U.S. prosecutors probing Michael Cohen are reviewing 12 audio recordings seized in an April raid of the home, office and hotel room of President Donald Trump’s former lawyer and fixer, Bloomberg informed.
The President is heard on only one of the 12 recordings, according to people familiar with the matter. The others are of individuals discussing Trump, according to the people who declined to comment on confidential details of the investigation.
Disclosure of the new recordings came in a Monday court filing by the retired judge who is deciding whether prosecutors may review the thousands of items seized in the raid. The judge said “the parties” — presumably Trump and perhaps Cohen — no longer object to the government listening to “12 audio items.” The parties had previously claimed the 12 recordings were “privileged” and couldn’t be seen by the government.
Trump can be heard on a recording in which he and Cohen discuss payments to a former Playboy model who claimed she’d had an affair with Trump — an audio whose existence became known on Friday. On it, Trump and Cohen discuss a plan to buy the rights to Karen McDougal’s story from American Media Inc., the parent company of the National Enquirer, the Washington Post reported. AMI paid $150,000 for her story.
News of that recording spurred speculation that Cohen recorded other conversations.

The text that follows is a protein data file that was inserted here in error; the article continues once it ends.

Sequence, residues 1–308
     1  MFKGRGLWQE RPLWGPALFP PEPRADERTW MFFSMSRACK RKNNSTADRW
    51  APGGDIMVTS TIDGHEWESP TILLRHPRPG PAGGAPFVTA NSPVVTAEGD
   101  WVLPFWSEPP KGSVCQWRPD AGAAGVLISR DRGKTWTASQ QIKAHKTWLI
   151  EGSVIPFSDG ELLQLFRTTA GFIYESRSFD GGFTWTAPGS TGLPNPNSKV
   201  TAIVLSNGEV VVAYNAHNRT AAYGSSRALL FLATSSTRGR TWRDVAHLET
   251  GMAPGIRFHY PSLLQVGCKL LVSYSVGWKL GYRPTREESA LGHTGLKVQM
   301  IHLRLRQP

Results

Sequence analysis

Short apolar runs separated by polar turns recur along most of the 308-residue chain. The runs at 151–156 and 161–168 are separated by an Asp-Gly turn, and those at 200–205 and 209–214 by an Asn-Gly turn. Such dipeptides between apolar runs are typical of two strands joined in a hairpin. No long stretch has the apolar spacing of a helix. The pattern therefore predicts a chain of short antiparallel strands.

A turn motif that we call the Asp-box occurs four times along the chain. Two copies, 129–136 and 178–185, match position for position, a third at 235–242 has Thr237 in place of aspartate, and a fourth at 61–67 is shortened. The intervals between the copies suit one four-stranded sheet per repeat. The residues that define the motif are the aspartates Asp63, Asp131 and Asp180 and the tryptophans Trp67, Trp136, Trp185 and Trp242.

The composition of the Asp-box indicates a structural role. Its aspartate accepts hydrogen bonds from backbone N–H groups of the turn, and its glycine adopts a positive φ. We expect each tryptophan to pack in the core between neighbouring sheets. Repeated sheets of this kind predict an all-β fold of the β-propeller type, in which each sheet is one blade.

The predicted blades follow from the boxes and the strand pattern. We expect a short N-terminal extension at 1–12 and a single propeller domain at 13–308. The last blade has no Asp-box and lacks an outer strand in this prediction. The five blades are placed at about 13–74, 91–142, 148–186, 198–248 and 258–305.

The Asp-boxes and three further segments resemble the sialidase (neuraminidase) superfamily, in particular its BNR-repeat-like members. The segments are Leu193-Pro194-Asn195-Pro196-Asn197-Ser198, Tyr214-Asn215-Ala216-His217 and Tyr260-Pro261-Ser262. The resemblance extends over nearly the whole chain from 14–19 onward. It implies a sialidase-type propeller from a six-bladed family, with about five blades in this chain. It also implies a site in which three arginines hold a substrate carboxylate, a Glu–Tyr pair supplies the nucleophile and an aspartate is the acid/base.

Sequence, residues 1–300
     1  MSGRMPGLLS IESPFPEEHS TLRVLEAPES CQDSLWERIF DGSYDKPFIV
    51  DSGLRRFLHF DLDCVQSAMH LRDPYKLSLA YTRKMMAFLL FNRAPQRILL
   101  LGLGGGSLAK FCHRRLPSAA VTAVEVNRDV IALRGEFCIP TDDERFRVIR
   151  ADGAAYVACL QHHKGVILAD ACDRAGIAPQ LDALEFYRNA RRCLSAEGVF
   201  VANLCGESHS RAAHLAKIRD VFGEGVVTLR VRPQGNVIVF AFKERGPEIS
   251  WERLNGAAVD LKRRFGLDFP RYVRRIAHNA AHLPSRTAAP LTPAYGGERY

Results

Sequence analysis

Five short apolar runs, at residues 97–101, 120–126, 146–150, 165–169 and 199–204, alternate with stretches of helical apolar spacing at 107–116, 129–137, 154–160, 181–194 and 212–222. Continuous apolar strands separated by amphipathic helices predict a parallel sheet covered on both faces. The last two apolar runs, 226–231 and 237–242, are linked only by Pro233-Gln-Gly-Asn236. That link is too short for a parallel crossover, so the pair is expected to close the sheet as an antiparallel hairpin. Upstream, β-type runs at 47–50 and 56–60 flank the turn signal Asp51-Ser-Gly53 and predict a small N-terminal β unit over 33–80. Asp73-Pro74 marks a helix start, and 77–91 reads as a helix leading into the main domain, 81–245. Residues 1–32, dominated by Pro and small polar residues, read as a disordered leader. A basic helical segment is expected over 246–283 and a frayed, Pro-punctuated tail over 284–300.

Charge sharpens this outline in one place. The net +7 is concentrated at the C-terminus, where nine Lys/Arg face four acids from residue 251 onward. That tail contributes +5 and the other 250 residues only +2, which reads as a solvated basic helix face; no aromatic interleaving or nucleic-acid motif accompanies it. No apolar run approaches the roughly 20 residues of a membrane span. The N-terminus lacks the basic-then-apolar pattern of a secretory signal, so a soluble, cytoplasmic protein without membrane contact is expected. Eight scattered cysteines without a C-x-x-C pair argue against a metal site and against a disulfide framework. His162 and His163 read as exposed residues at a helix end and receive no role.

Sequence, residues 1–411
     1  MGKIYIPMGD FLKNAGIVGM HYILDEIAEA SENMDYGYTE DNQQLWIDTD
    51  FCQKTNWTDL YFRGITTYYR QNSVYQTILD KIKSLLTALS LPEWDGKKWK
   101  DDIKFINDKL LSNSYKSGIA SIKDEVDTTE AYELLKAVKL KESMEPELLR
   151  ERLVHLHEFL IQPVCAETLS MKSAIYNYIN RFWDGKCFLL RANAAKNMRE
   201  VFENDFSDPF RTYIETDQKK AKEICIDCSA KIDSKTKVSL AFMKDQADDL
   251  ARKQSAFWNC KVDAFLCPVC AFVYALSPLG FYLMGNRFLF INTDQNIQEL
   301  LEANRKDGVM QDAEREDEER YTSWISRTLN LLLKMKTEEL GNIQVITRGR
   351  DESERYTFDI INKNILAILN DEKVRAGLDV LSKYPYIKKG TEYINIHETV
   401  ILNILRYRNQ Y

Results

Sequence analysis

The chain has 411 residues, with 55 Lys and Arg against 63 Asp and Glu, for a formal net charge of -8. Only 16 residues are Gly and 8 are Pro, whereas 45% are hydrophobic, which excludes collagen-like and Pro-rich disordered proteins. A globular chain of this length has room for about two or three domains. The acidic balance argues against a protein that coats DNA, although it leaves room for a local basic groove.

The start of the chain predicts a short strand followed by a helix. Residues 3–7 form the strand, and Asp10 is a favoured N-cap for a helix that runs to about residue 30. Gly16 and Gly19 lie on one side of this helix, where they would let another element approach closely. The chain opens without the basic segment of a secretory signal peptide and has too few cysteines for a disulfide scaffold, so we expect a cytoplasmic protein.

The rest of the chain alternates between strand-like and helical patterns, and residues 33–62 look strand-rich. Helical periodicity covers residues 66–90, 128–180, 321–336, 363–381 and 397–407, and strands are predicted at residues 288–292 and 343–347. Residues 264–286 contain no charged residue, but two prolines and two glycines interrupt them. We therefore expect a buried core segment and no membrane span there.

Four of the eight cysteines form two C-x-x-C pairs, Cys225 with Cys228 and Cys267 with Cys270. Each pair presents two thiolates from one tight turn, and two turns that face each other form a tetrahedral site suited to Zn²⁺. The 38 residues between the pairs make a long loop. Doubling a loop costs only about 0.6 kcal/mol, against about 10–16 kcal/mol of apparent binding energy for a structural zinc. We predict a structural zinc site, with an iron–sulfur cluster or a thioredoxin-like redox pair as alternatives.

It was Trump’s legal team that initially asserted privilege over all 12 audio recordings, according to people familiar with the matter. But Trump’s legal team later withdrew the claim, they said.
A lawyer for Trump didn’t immediately respond to a call for comment. Lanny Davis, a lawyer and spokesman for Cohen, said in a statement posted to Twitter: “The tapes will speak for themselves — spin can’t change facts.”
The recordings were given to the government on Friday, Barbara Jones, the retired judge and so-called special master overseeing the review, said in her one-page order. She didn’t specify what’s on the recordings.
Federal prosecutors in Manhattan are probing Cohen’s business dealings and his involvement in paying women to keep quiet about their alleged relationships with Trump.
Michael Avenatti, who represents adult film star Stormy Daniels in a lawsuit against Trump and Cohen, said in an email that Monday’s filing “confirmed” what he said in May: that “there were multiple recordings.”
It’s unclear why Trump’s team decided to abandon the privilege claims. His lawyers may have wanted to avoid potentially adverse rulings that the conversations weren’t protected — either because they sought to advance a crime or fraud or because Cohen wasn’t acting as Trump’s lawyer at the time. “Or they may have concluded that the discussions simply weren’t privileged,” said Harry Sandick, a white-collar defense lawyer at Patterson Belknap Webb & Tyler LLP in New York.
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